Outlook on Fulton jail gets a little better

Fulton County taxpayers must spend tens of millions of dollars during the next two decades building space for more jail inmates, but thanks to speedier court processes and diversion programs, the outlook isn’t as bad as previously thought.

Consultants from HOK architecture-engineering firm, hired by the county to update jail population projections, said Wednesday that it will likely cost Fulton about $100 million to build space for an anticipated 3,565 inmates by 2026.

That’s better than the report the firm gave three years ago, which said the county would incarcerate 5,000 people by that year and building the additional space would cost more than $200 million.

Gary Retel, HOK’s vice president over justice issues, credited efforts to move offenders through the court system faster and move nonviolent defendants into alternative sentencing programs, such a drug and DUI courts.

“Throughout the nation, inmate population is down,” Retel told the Fulton County Commission. “It’s not just in Fulton County, but it is down more than in other counties, and that’s probably as a result of these programs.”

But he conceded in an interview afterward that the outlook could abruptly change, and said that’s why his firm is proposing that the commission bring it back annually for updates. Local jail populations are down 2.4 percent nationwide, according to a report by the National Institute of Corrections examining 2009-10 figures. Fulton’s population decreased 4 percent in that period.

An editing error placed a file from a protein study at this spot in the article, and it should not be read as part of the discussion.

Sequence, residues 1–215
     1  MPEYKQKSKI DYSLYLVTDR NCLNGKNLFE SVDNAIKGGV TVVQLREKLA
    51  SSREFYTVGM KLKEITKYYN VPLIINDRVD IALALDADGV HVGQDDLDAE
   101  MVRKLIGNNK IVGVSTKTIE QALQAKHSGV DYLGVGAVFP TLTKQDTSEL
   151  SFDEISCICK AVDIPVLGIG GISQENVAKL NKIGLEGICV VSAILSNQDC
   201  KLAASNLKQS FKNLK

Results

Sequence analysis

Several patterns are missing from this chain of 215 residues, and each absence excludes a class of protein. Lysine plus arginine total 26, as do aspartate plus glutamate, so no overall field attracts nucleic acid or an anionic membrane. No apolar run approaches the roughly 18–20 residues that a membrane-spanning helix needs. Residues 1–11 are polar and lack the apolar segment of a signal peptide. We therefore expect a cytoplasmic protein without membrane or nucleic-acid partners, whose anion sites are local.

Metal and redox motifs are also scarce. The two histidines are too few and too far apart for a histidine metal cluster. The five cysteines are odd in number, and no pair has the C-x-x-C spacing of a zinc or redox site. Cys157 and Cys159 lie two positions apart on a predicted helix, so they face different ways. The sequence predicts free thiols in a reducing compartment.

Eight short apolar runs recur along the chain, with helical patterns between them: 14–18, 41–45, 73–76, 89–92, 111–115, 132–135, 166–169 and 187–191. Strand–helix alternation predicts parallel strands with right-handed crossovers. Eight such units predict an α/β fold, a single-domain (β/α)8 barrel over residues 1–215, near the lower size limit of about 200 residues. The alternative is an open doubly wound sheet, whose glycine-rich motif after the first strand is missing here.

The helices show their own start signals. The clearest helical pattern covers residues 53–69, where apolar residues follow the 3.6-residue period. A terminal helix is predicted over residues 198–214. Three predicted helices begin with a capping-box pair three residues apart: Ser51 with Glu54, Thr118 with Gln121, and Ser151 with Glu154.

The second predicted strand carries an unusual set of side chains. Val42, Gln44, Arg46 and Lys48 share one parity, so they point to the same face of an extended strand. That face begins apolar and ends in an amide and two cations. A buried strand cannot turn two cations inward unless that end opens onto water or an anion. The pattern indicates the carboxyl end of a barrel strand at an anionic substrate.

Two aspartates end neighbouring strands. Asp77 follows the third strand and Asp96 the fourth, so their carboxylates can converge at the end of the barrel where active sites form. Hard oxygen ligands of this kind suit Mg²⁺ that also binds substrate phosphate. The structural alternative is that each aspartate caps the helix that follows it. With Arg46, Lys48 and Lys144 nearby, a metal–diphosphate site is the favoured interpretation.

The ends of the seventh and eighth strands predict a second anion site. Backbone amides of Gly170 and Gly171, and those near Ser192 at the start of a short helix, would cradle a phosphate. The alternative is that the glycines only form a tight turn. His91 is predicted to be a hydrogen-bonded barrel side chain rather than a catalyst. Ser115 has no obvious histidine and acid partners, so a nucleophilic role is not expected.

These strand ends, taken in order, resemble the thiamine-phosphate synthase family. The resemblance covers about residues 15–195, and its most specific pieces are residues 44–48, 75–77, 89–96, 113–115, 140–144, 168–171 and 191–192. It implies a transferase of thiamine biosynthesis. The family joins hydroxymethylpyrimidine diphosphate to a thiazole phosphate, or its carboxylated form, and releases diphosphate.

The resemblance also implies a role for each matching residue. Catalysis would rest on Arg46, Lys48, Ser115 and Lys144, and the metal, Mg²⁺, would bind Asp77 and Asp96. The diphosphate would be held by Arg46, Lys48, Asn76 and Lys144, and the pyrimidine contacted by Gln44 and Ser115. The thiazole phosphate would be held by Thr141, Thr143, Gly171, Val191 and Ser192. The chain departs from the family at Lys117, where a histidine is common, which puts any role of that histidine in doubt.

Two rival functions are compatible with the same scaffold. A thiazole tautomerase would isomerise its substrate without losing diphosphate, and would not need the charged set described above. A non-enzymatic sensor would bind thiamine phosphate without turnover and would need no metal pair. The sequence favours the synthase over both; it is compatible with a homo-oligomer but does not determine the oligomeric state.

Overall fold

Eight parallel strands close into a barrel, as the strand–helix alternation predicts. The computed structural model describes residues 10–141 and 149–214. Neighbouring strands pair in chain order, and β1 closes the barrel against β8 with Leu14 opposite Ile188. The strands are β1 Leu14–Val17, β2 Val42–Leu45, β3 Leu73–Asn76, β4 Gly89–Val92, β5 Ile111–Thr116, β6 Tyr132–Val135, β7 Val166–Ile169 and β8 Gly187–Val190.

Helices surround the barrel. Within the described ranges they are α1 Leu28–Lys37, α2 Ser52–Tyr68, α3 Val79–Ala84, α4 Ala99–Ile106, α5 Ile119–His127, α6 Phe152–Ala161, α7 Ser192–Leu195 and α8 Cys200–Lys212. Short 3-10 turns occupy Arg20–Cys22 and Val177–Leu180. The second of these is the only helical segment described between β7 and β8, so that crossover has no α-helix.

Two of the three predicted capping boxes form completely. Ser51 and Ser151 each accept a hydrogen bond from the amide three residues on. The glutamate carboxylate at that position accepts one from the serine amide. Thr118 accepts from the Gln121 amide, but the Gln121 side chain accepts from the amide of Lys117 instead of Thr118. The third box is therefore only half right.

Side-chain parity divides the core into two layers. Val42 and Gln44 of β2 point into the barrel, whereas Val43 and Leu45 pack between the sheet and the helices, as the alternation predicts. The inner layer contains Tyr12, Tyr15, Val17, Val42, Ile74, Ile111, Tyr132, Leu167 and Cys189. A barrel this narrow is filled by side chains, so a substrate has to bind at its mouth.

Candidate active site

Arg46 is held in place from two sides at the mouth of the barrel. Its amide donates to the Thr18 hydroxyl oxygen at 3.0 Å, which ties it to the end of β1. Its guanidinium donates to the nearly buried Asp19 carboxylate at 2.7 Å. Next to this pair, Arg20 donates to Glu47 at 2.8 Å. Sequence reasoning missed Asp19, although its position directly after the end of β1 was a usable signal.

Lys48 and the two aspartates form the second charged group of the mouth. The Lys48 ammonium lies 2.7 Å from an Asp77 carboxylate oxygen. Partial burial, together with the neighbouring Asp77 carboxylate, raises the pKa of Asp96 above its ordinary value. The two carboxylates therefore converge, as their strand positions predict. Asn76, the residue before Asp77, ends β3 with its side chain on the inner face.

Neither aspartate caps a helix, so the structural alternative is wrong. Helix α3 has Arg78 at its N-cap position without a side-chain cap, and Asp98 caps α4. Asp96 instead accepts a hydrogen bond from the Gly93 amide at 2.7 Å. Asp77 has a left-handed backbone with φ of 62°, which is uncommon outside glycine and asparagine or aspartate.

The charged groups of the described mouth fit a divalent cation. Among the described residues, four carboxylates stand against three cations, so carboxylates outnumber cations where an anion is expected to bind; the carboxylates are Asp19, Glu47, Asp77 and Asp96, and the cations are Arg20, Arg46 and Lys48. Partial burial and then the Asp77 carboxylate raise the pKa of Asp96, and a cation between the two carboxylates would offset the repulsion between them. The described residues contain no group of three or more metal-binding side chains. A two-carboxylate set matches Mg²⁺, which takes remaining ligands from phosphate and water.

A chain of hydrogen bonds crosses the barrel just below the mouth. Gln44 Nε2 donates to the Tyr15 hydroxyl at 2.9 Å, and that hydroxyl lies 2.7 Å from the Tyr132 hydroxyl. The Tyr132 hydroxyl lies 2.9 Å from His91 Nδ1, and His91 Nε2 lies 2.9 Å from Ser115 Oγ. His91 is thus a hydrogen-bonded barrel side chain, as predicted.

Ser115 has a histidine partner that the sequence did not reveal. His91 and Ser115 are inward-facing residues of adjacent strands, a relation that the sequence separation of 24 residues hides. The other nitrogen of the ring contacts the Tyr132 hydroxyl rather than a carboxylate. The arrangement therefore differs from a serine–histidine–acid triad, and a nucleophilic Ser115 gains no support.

The cause of the trend isn’t known, Retel said, so there’s a risk that it could reverse itself.

The Rice Street jail has been a drain on taxpayers since it opened 23 years ago as part of an agreement to settle a lawsuit. Another lawsuit filed in 2004 over crowded, filthy and dangerous conditions has the county under a federal consent decree that caps the inmate population at 2,500 and sets minimum staffing levels.

The order also required costly renovations including new cell-door locks, a new heating and air-conditioning system and plumbing repairs to stop sewage from leaking into living areas.

For the past year the jail has been comfortably below the mandated cap, and commission Chairman John Eaves has said he wants out from under the federal order by the end of the year. Senior U.S. District Judge Marvin Shoob, who is overseeing the county’s compliance with the order, has said he might recommend, but not require, that Fulton build a new jail first.

The county is leaning toward adding onto the jail in increments rather than replacing it altogether, according to Chief Jailer Mark Adger. Adding 250 to 700 beds in prefabricated buildings is estimated to cost between $15.6 million and $53.8 million, depending on whether Fulton wants to use precast concrete or less-costly steel.

Steven Bright, senior counsel for the Southern Center for Human Rights, which filed the 2004 lawsuit, said the county should keep investing in programs that keep the homeless, the mentally ill and non-violent drug addicts out of the jail.

“There will be a need for less space,” Bright said, “if the county officials will take the helm and limit the number of people going to the Fulton County jail to the people that really need to be there.”

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